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IronKey 1GB secure USB Flash drive

Cast-iron data security?

Reducing security risks from open source software

Review What do you give the data security nut who has everything? IronKey may have the answer: what it claims is an almost totally secure, steely USB Flash drive that doesn't simply encrypt the data kept on it but protects your applications and online activities.

IronKey secure USB Flash drive and token
IronKey's IronKey: data vault

So no more worrying your missus might find and try that cheap Flash drive you back-up your pr0n on, then? Perhaps, but IronKey - the company - has more serious uses in mind for its dinky metal-clad product.

Out of the box, the IronKey isn't particularly distinguishable from a host of Flash drives, for all its brushed aluminium looks. But this boy's tough shell is more than skin deep. The company claims the drive is waterproof to US military standard 810F, which, if fully implemented, means it's able to withstand high and low pressures; extreme temperatures; rain, ice, dust and sand; and even gunfire vibration.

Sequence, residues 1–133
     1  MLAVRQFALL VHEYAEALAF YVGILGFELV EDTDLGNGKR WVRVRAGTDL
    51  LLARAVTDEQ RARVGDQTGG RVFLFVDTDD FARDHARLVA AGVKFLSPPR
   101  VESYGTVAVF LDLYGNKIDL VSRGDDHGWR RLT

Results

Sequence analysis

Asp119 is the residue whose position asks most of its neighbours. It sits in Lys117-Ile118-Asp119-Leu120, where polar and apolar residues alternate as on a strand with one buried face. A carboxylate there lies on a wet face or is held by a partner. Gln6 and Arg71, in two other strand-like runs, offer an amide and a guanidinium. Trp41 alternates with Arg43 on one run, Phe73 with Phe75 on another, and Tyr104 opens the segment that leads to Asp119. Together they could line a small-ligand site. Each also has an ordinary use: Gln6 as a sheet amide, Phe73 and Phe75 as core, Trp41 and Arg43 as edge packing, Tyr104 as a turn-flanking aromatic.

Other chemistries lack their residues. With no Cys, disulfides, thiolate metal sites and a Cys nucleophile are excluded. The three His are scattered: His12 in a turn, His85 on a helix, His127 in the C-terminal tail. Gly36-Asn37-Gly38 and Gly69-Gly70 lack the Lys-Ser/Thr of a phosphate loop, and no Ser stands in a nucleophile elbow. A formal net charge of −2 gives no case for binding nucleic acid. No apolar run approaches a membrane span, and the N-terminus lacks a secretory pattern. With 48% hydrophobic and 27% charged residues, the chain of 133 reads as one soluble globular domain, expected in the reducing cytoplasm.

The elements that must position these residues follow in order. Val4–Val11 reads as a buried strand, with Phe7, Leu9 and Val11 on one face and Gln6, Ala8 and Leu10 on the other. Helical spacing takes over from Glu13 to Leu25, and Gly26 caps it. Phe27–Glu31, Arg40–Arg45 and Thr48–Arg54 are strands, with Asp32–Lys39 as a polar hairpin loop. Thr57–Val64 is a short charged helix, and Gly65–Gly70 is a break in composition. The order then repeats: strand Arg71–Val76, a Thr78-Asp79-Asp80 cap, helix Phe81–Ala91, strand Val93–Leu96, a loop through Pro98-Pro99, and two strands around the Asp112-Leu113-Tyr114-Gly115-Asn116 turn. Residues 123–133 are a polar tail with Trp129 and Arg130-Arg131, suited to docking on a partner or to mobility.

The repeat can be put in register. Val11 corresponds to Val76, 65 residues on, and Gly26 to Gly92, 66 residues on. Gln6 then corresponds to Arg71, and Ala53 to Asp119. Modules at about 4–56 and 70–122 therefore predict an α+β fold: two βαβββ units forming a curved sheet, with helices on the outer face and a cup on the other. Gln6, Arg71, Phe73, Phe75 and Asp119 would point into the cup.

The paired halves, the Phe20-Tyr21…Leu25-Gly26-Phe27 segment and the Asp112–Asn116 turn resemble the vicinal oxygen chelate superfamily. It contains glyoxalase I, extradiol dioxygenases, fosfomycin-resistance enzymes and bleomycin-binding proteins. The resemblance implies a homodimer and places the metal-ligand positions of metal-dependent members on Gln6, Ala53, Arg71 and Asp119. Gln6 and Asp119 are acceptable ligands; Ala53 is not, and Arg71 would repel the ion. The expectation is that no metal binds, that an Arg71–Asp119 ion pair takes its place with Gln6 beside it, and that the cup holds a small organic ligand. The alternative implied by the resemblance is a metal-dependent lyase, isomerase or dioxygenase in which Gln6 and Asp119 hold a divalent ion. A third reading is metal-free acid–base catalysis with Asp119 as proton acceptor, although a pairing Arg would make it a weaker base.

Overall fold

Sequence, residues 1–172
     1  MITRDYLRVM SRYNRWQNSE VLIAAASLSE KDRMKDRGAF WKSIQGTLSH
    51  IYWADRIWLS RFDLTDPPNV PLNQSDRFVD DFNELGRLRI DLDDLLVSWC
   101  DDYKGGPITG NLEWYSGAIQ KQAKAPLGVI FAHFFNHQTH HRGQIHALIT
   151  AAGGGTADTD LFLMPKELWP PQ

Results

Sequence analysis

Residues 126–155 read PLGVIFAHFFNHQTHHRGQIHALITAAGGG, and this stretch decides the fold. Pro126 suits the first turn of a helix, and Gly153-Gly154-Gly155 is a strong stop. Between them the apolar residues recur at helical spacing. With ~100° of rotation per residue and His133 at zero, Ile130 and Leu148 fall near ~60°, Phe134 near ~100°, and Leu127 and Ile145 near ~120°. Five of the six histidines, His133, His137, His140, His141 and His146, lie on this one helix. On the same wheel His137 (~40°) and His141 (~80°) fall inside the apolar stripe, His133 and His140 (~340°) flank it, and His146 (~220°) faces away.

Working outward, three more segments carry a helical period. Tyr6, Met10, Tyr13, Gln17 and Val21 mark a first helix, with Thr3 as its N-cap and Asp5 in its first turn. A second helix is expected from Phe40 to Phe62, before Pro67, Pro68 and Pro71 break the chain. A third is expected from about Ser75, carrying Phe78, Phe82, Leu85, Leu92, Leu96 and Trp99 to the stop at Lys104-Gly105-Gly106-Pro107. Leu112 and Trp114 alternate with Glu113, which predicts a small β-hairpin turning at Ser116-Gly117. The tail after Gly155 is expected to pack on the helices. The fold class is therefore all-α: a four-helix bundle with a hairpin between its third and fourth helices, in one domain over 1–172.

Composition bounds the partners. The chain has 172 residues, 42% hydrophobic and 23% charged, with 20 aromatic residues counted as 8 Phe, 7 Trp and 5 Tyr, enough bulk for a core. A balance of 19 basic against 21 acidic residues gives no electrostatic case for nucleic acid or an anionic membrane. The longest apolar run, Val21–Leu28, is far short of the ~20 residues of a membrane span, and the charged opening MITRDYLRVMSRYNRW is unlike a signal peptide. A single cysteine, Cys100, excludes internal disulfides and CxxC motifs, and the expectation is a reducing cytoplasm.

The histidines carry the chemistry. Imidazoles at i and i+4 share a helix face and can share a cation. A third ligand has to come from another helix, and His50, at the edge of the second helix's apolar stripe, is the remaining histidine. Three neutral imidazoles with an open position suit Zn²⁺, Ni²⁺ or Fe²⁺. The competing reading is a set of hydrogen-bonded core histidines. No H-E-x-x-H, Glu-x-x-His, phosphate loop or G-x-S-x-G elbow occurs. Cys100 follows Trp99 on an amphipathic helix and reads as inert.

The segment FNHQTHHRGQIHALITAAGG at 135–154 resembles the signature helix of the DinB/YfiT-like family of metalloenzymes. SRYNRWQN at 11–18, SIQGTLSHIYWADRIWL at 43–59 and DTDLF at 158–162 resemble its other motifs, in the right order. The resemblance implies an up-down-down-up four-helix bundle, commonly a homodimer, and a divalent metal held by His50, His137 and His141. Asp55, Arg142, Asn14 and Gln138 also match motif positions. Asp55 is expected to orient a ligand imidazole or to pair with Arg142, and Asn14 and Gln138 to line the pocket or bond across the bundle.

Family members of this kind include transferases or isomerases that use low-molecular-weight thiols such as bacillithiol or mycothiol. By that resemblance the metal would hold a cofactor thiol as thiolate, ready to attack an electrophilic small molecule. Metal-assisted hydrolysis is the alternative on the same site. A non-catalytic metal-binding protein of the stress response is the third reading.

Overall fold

Puddles, then, are no problem, but you may not necessarily want to take it diving. Whatever, IronKey also claims its drive is solid and tamperproof too. We tried, without success, but we'd not like to state categorically that it's impervious to a determined data-thief with the right tools.

In addition to 1GB, 2GB or 4GB of on-board storage, the IronKey has its own cryptography chip that uses the very-difficult-to-crack AES, RSA-2048 and SHA-256 encryption algorithms not only to protected the data stored on the device itself but also to scramble the data the drive sends back and forth over the host PC's USB connection should anyone be snooping it.

It's worth stressing this point. The IronKey has hardware encryption, while almost all other secure Flash drives out there use software encryption. So crypto operations take place on the drive, not in memory, where they could, potentially, be tapped. Passwords are not stored in the drive's file system, but in a separate part of the hardware. The encryption keys are not held in the Flash memory.

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